ASX slumps as AUD rises to 78 US cents

·4-min read

Australia's share market has pulled back from near-record heights, and the Aussie dollar climbed against the US after the Reserve Bank flagged winding up cheap credit for banks.

The benchmark S&P/ASX200 index closed down 47.8 points, or 0.68 per cent, to 7017.8.

The index on Monday had its best close since February 2020, and is 144 points from its record close.

The All Ordinaries on Tuesday closed lower by 45.9 points, or 0.63 per cent, to 7282.1 points.

The losses were the biggest for April and ended a run of five sessions of gains.

The indices' steady decline during the session contrasted with a consistent rise in the Aussie dollar. After the ASX closed, the dollar was buying more than 78 US cents.

Deep Data Analytics chief executive Mathan Somasundaram said worries about inflation from the pandemic recovery were hampering the US dollar.

Meanwhile, the Reserve Bank's minutes of its April meetings may also have motivated traders to buy the Aussie dollar.

The RBA said its term funding facility, which provides cheap credit to banks, still had $95 billion to be drawn down until the end of June.

The central bank said it would consider extending the facility if there was a deterioration in credit conditions, but there were no such signs.

While the RBA said it won't raise rates till 2024, Mr Somasundaram did not agree.

"We've probably seen the bottom of the interest rate cycle, and the RBA will be putting up rates sometime in the next year, even though it doesn't want to," he said.

In the US, markets closed lower. Investors waited for guidance from first-quarter earnings to justify high valuations, while Tesla shares fell after a fatal car crash.

On the ASX, most shares were down. Health and information technology lost more than one per cent.

Rio Tinto's iron ore production in Australia's Pilbara region has fallen after wet weather and labour shortages impacted output.

But the two per cent decline in the first quarter to 76.4 million tonnes, from the same period last year, won't impact the resources giant's optimistic full-year outlook.

Iron ore shipments in the March quarter rose seven per cent to 77.8 million tonnes.

Shares were down 0.54 per cent to $120.20.

BHP lost 0.23 per cent to $47.45, while Fortescue rose 1.89 per cent to $21.60.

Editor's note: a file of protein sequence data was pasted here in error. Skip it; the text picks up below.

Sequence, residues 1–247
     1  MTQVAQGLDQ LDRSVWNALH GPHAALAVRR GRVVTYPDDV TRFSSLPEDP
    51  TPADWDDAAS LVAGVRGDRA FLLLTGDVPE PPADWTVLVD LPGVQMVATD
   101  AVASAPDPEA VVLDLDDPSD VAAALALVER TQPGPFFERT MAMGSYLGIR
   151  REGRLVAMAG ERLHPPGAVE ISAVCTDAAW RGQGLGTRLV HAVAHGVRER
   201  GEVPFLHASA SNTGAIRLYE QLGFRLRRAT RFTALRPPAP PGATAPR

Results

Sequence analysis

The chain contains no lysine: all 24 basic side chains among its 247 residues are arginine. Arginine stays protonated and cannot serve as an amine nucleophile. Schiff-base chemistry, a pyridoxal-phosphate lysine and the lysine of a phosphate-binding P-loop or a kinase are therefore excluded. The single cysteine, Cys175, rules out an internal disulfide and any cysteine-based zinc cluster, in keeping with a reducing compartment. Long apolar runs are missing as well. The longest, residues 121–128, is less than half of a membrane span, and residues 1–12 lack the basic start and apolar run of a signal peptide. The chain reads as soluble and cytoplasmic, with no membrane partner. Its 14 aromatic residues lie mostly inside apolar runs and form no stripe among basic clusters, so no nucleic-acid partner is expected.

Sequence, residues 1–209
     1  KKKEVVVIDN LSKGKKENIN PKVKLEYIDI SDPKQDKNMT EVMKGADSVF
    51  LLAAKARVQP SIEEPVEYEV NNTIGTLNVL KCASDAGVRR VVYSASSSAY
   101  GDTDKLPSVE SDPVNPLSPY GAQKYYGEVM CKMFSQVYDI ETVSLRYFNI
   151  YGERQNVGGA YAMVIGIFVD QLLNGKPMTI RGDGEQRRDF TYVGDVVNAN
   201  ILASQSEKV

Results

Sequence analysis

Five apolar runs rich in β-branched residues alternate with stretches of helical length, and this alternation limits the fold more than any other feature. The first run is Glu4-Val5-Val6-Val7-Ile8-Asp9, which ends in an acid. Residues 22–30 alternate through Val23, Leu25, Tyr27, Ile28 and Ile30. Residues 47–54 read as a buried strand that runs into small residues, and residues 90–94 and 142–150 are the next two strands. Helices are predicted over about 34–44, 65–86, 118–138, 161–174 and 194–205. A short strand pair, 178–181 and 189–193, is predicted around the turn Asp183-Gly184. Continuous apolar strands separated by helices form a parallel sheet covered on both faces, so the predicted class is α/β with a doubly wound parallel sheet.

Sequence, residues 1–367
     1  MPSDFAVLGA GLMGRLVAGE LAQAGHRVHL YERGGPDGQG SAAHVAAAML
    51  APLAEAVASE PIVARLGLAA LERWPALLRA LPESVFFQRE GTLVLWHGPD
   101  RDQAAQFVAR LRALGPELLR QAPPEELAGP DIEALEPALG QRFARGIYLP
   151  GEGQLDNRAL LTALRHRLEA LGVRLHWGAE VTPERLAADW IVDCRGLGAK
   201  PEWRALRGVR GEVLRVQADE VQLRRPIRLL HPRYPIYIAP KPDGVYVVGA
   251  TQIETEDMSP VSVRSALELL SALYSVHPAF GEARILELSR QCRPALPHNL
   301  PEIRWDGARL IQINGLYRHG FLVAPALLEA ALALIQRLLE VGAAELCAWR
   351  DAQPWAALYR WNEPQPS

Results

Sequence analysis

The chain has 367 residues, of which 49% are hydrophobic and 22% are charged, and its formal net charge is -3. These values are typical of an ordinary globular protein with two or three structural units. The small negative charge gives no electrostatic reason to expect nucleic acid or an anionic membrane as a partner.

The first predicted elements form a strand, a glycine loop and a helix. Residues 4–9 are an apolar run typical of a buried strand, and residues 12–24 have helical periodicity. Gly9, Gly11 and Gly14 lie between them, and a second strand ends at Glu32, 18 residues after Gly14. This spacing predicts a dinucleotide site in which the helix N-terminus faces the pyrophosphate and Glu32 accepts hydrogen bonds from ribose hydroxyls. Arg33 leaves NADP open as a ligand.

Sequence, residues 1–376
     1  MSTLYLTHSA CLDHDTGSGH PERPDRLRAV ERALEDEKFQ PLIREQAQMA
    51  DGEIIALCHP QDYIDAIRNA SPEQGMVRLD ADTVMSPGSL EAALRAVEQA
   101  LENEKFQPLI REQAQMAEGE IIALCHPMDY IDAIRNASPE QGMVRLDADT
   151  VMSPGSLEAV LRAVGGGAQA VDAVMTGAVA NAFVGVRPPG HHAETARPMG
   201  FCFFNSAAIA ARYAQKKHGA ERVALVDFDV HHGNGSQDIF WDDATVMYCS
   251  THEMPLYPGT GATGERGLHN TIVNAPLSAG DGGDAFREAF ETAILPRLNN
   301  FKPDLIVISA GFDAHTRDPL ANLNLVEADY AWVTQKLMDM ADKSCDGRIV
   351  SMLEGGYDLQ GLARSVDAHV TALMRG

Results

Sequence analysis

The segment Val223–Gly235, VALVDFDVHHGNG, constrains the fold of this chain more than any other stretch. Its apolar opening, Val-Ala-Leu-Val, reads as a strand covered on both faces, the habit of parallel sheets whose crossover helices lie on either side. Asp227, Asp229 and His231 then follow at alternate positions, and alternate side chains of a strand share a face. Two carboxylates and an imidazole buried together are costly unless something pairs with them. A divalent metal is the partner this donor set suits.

Afterpay confirmed it is closer to listing on a US market after North America overtook Australia and New Zealand as the biggest region for sales.

The buy now, pay later provider published sales figures which showed people in Canada and the US spent $2.6 billion using the service in the three months to March 31.

The spending constituted a rise of 167 per cent on the same quarter last year.

Shares were down 0.77 per cent to $125.23.

Investment manager Challenger plunged 15.76 per cent to $5.56 after it said full-year profit was expected to be lower.

The company has been hit by movements in bond markets.

It forecast net profit before tax to be at the bottom part of a range of $390 million to $440 million.

In banking, the Commonwealth fared worst of the big four and lost 1.24 per cent to $87.74.

Coca-Cola Amatil gained court approval for its European peer's takeover.

Shares were up 0.08 per cent to $13.31.

On Wednesday, economic data will include job vacancies and retail spending for March.

BHP will give its third-quarter production update.

The Australian dollar was buying 78.08 US cents at 1725 AEST, higher from 77.42 US cents at Monday's close.

ON THE ASX

* The benchmark S&P/ASX200 index closed down 47.8 points, or 0.68 per cent, to 7017.8 on Tuesday.

* The All Ordinaries closed lower by 45.9 points, or 0.63 per cent, to 7282.1 points.

* At 1725 AEST, the SPI200 futures index was down three points, or 0.04 per cent, to 6994.

CURRENCY SNAPSHOT

One Australian dollar buys:

* 78.08 US cents, from 77.42 cents on Monday

* 84.71 Japanese yen, from 84.01 yen

* 64.72 Euro cents, from 64.64 cents

* 55.80 British pence, from 55.93 pence

* 108.09 NZ cents, from 108.22 cents.